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Ongoing coverage of South Carolina's recovery from the flooding of 2015.What had been Lindsay Langdale's Columbia home October 3, 2015 was a flooded ruin the next day.This coverage is made possible by a grant from the Corporation for Public Broadcasting. In October of 2015, South Carolina received rainfall in unprecedented amounts over just a few days time. By the time the rain began to slacken, the National Weather Service reported that the event had dumped more than two feet of water on the state. The U.S. Geological Survey reported that the subsequent flooding was the worst in 75 years.

Survivors, Volunteers Both in Need of Housing, 11 Months After Flood

Volunteers work on Flood-damaged house
Thelisha Eaddy
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SC Public Radio

Volunteers and charitable organizations are essential to long-term disaster recovery. They gut houses, hang dry wall, fix roofs, remove mold along with a plethora of other needed services. But housing out-of-state volunteers for weeks or months at a time can be challenging. ThelishaEaddy talks with United Way of Midlands Disaster Recovery Manager Michael Hagins, about how, 11 months after October’s flood, housing is an issue for both flood survivors and the volunteers who want to help them.

More Volunteers Are On the Way

Brethren Disaster Ministries uses a network of volunteers to repair or rebuild damaged homes for disaster survivors who lack sufficient resources to hire a contractor or other paid labor.  Hagins said the United Way has been able to secure housing for the group with Corner Stone Presbyterian Church in Irmo.

“They’ve already done some work in the area. They basically repair homes that have been damaged.”

The group will provide a continuous stream of 15 volunteers per week with three, supervising full-time staff stationed in the area. According to Hagins, the United Way is working to secure more groups to come and work in the area during the winter months.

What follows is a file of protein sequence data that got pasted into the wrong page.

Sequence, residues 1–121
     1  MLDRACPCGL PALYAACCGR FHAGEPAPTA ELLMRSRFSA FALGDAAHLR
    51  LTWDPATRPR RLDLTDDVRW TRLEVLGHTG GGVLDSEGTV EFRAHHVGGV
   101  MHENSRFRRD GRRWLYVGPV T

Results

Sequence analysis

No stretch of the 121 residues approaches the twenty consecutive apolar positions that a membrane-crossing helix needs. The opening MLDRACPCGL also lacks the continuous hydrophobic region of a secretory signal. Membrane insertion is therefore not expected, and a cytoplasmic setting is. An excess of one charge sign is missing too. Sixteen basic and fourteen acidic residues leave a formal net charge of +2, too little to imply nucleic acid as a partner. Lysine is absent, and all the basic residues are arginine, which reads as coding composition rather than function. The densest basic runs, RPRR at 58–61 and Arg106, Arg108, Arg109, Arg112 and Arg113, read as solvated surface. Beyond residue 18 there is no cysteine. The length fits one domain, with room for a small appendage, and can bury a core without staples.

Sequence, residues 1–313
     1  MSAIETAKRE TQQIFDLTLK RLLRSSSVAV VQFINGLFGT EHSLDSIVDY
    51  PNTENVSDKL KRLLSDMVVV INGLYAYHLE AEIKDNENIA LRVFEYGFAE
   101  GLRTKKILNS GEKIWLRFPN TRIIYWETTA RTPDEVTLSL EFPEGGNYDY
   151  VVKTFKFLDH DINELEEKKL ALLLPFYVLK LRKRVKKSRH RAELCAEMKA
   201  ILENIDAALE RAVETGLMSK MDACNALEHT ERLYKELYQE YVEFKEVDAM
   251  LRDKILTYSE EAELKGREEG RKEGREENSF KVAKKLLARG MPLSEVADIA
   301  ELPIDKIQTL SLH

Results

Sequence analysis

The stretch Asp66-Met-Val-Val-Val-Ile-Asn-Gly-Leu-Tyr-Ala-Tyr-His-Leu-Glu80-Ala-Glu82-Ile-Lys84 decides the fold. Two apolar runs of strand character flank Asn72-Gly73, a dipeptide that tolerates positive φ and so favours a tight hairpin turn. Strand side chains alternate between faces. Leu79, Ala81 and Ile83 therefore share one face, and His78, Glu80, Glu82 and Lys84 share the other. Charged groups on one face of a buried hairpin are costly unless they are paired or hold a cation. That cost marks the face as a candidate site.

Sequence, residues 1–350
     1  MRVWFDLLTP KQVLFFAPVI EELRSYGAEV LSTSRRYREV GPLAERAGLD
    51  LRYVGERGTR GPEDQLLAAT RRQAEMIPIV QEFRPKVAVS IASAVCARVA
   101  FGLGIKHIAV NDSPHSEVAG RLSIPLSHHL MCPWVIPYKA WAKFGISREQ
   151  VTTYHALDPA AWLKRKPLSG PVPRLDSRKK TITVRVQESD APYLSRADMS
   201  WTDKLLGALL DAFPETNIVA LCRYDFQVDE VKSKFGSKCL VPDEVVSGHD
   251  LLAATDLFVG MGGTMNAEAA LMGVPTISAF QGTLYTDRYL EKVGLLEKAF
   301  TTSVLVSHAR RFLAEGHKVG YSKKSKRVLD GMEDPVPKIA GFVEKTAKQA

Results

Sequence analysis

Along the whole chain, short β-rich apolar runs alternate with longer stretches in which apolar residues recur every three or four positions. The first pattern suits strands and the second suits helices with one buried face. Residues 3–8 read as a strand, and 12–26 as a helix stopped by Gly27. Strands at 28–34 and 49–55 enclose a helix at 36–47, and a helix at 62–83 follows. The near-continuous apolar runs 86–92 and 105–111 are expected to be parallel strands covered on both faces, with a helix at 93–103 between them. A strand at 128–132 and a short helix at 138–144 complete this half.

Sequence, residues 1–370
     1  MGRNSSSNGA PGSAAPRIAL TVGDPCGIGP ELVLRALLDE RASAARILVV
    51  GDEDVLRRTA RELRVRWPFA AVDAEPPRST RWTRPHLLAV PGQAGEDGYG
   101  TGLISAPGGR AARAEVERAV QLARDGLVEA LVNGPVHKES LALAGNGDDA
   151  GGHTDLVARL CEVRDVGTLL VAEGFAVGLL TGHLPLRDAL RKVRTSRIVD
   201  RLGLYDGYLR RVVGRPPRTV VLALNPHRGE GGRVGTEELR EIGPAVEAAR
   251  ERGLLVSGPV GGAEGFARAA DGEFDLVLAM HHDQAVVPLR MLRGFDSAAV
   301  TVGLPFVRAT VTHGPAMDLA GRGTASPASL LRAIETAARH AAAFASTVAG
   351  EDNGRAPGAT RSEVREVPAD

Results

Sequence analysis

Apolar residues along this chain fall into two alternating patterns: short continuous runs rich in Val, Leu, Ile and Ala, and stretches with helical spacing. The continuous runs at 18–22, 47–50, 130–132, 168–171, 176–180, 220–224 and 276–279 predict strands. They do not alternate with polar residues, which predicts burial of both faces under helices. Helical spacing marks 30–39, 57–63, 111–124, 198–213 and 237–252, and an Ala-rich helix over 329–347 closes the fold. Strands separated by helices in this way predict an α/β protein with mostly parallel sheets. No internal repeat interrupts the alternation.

“Whether they come here or not will depend on if we find adequate housing for them.”

Harvest Call is another group the United Way of the Midlands is working to find housing for. An outreach arm of the Apostolic Christian Church of America (ACCA), the ministry works to alleviate suffering and despair around the world by sharing Jesus through words of truth and deeds of compassion. According to its website, www.harvestcall.org, the ministry currently is currently working in 11 project areas worldwide.

"They do this every year. They go to a disaster area January through March and they basically build new houses. That's what they like to do," Hagins said. The ministry will bring 40, skilled volunteers to the area.

More Funds. More Volunteers. More Housing Needs.

The United Way of the Midlands is coordinating the long term recovery efforts in Richland and Lexington counties.  In recent weeks, the nonprofit received a $50,000 donation from Wells Fargo to continue to repair and rebuild homes damaged in the October flood. The organization also announced its latest distribution from its flood fund. The United Way of the Midlands will offer grants to rebuild groups in Richland and Lexington counties.

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Credit Thelisha Eaddy / sc
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sc
Members of United Way of the Midlands, Wells Fargo and SBP (formerly Saint Bernard Project) and a homeowner impacted by flood

With the availability of more funds, more rebuild projects can take place. This means more opportunities for volunteer groups to come to the area and assist in rebuilding and thus more need for housing.